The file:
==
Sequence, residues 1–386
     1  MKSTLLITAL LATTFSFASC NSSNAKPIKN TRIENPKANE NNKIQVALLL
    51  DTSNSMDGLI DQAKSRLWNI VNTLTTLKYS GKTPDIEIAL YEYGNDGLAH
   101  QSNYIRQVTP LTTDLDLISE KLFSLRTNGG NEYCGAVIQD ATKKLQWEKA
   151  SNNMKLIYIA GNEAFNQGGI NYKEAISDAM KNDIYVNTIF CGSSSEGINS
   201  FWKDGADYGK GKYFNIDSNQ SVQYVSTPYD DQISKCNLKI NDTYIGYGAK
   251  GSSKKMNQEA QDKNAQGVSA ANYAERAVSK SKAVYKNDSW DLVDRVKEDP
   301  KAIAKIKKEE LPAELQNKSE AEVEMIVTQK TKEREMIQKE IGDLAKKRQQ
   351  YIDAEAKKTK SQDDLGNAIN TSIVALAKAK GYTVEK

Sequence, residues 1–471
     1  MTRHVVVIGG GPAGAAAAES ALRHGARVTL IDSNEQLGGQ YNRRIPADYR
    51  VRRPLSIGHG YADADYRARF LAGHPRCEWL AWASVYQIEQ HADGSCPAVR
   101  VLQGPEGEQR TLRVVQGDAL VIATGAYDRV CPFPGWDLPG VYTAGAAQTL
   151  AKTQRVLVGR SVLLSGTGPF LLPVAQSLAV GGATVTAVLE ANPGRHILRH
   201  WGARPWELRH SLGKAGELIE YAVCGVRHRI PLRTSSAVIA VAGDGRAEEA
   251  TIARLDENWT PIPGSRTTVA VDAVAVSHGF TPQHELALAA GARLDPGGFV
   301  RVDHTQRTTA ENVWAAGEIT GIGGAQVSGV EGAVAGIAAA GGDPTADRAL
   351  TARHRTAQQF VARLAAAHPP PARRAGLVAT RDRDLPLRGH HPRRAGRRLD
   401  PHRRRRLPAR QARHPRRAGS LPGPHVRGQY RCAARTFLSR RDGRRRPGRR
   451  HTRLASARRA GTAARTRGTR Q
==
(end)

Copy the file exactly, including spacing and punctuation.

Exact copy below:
Sequence, residues 1–386
     1  MKSTLLITAL LATTFSFASC NSSNAKPIKN TRIENPKANE NNKIQVALLL
    51  DTSNSMDGLI DQAKSRLWNI VNTLTTLKYS GKTPDIEIAL YEYGNDGLAH
   101  QSNYIRQVTP LTTDLDLISE KLFSLRTNGG NEYCGAVIQD ATKKLQWEKA
   151  SNNMKLIYIA GNEAFNQGGI NYKEAISDAM KNDIYVNTIF CGSSSEGINS
   201  FWKDGADYGK GKYFNIDSNQ SVQYVSTPYD DQISKCNLKI NDTYIGYGAK
   251  GSSKKMNQEA QDKNAQGVSA ANYAERAVSK SKAVYKNDSW DLVDRVKEDP
   301  KAIAKIKKEE LPAELQNKSE AEVEMIVTQK TKEREMIQKE IGDLAKKRQQ
   351  YIDAEAKKTK SQDDLGNAIN TSIVALAKAK GYTVEK

Sequence, residues 1–471
     1  MTRHVVVIGG GPAGAAAAES ALRHGARVTL IDSNEQLGGQ YNRRIPADYR
    51  VRRPLSIGHG YADADYRARF LAGHPRCEWL AWASVYQIEQ HADGSCPAVR
   101  VLQGPEGEQR TLRVVQGDAL VIATGAYDRV CPFPGWDLPG VYTAGAAQTL
   151  AKTQRVLVGR SVLLSGTGPF LLPVAQSLAV GGATVTAVLE ANPGRHILRH
   201  WGARPWELRH SLGKAGELIE YAVCGVRHRI PLRTSSAVIA VAGDGRAEEA
   251  TIARLDENWT PIPGSRTTVA VDAVAVSHGF TPQHELALAA GARLDPGGFV
   301  RVDHTQRTTA ENVWAAGEIT GIGGAQVSGV EGAVAGIAAA GGDPTADRAL
   351  TARHRTAQQF VARLAAAHPP PARRAGLVAT RDRDLPLRGH HPRRAGRRLD
   401  PHRRRRLPAR QARHPRRAGS LPGPHVRGQY RCAARTFLSR RDGRRRPGRR
   451  HTRLASARRA GTAARTRGTR Q